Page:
We have received an outpouring of writing and generosity from submitters all around the world – over a hundred submissions in four days. While we’re busy taking time to thoughtfully review and study everything they have sent us, we thought we should share some thoughts about what kind of writing we’re interested in. This doesn’t really fit within the purview of our submission guidelines, or they’d be a few too many pages long, and after our first issue makes its appearance it will certainly be more evident what kind of aesthetic theater we’ll do our operations in. So, in the meantime, what better place for this than a blog post.
- If you’re rhyming, please know what you’re doing, and how to do it sparingly, in a way such that it is not the driving force for your work.
- There are many fine places for strictly spiritual, religious, and sacred verse, but this is not going to be one of them.
- Light verse, also, can be found elsewhere
- Poetry about nature and nature only – paeans to it, specifically – is beautiful, but also belongs in other homes.
- Some journals we love that espouse our artistic ideals (and have content online for you to browse) are Painted Bride Quarterly, Hayden’s Ferry Review, Crazy Horse, Jubilat, Prick of the Spindle, Blackbird, Amethyst Arsenic and Threepenny Review. Others, with limited online content (but that we urge you to check out), are Gigantic Sequins, Black Warrior Review, Tin House. There are, of course, many, many others; these are just a few recommendations.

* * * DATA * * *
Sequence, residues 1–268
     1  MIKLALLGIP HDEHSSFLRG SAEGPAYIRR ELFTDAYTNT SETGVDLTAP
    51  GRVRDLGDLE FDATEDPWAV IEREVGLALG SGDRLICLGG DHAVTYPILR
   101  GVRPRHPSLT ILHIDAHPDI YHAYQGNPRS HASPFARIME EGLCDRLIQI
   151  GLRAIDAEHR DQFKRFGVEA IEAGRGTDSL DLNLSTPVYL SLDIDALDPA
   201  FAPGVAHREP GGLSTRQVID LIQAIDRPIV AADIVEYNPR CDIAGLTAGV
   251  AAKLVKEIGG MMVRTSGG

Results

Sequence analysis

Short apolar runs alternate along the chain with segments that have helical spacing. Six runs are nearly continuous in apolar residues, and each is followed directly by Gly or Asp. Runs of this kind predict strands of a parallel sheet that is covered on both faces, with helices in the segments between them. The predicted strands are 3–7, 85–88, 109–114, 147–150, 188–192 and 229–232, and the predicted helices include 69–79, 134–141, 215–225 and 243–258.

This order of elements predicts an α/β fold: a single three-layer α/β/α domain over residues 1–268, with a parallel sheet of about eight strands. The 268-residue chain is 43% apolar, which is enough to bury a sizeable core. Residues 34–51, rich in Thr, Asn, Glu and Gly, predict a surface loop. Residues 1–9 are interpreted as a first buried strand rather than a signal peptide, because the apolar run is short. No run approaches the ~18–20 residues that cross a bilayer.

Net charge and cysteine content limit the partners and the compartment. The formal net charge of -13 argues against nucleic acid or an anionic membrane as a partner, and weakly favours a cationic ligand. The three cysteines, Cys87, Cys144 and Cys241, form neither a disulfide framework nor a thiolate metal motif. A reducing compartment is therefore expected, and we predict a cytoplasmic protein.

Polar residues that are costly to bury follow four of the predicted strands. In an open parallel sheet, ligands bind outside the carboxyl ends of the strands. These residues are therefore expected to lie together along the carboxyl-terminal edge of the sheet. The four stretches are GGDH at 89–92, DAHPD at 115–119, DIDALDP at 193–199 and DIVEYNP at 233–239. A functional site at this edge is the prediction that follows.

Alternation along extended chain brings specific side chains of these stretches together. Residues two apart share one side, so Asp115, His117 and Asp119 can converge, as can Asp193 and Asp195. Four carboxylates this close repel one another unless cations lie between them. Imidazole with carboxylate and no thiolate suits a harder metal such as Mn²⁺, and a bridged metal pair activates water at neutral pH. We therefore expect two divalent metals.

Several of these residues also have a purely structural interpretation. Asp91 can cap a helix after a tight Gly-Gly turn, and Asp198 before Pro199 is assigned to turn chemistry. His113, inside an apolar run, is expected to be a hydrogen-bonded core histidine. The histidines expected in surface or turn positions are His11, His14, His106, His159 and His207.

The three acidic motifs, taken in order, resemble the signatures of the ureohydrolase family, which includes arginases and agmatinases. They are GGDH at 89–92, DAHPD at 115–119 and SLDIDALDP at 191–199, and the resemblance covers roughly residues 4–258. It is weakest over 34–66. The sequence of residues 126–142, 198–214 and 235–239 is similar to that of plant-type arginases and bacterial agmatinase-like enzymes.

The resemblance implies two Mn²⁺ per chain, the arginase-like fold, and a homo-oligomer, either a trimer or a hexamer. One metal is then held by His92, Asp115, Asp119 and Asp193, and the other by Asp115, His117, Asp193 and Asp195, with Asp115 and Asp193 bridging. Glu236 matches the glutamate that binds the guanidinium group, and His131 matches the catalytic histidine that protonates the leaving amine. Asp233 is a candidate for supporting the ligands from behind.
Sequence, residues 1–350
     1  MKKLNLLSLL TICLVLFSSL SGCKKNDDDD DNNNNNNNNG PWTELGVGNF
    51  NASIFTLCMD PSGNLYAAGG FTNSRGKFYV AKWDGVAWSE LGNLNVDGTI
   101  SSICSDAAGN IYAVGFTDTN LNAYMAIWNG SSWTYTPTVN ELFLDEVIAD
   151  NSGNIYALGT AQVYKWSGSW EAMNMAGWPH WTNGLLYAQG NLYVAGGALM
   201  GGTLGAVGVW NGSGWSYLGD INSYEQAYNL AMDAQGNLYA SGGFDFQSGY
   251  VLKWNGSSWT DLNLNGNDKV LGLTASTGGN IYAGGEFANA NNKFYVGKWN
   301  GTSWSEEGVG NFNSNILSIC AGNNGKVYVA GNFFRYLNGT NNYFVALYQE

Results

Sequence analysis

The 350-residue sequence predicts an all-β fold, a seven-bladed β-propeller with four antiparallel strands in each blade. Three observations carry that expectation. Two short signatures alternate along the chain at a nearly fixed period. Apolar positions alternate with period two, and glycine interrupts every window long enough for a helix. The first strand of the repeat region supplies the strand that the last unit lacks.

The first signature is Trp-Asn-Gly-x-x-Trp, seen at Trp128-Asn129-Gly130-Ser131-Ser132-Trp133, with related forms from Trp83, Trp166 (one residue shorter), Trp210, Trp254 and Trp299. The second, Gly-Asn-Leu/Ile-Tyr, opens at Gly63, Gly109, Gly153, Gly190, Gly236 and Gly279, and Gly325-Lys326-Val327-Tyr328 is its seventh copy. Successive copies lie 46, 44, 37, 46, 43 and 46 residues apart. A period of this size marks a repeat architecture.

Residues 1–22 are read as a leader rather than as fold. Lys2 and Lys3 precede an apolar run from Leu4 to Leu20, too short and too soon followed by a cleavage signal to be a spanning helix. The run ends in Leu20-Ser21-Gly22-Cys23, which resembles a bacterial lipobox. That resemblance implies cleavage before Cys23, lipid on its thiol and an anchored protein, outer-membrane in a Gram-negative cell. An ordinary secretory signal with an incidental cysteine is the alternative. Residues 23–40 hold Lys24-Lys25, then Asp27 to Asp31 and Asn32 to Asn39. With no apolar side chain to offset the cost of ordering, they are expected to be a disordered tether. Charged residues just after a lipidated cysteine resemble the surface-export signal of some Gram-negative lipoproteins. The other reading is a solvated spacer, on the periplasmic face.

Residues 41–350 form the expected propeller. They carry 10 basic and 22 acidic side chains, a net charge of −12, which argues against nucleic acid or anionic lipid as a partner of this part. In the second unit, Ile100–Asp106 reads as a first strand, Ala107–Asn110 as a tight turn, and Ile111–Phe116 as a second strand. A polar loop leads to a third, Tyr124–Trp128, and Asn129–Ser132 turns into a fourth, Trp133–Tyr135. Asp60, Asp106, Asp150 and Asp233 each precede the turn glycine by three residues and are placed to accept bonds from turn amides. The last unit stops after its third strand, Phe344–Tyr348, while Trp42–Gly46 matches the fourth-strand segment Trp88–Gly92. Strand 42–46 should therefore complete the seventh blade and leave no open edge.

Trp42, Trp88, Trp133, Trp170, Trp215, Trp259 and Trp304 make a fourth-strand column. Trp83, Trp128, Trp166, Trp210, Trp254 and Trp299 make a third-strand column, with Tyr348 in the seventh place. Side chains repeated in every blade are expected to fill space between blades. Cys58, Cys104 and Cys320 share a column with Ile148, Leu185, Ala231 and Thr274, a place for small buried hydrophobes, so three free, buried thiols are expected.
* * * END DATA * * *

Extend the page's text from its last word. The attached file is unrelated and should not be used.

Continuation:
- Surrealist writing is fine and dandy, but it must have a point.
- Erotic fiction and romance stories will not be for us unless they make a much broader statement.
- Please be a good writer. Please proofread your writing.. and then, proofread it again.
- This can’t be stressed enough: finish your story. What so often happens is that a good writer starts out with a fantastic idea or a nifty conceit and can only carry it to the halfway point before it fizzles. Think of all the stories you’ve loved: the endings were as strong as the beginnings. Pay particular attention to the last half of what you’re creating, and give it the same attention as the first. Make it, in fact, outshine the first half, and surprise your readers.
- What makes essays engaging is difficult to put a finger on, but it centers around making good observations and using keen powers of description. It more importantly involves the ability to issue a strong, salient point while remaining subtle and open to nuanced interpretation. In other words, if your essay is about dolphins, it must also be about fish, women, men, the tides, and marinas. It must be about a whole world of things.
- For an example of a particularly excellent essay, read George Orwell’s A Hanging. Don’t worry; few can write like Orwell. But notice how he brings quotidian particulars to the same level of importance as life’s great questions in order to answer those questions.
Thanks for sending us your writing. Keep it coming – we’re having the time of our lives reading it. Why not share what YOU think makes for a great read in the comments?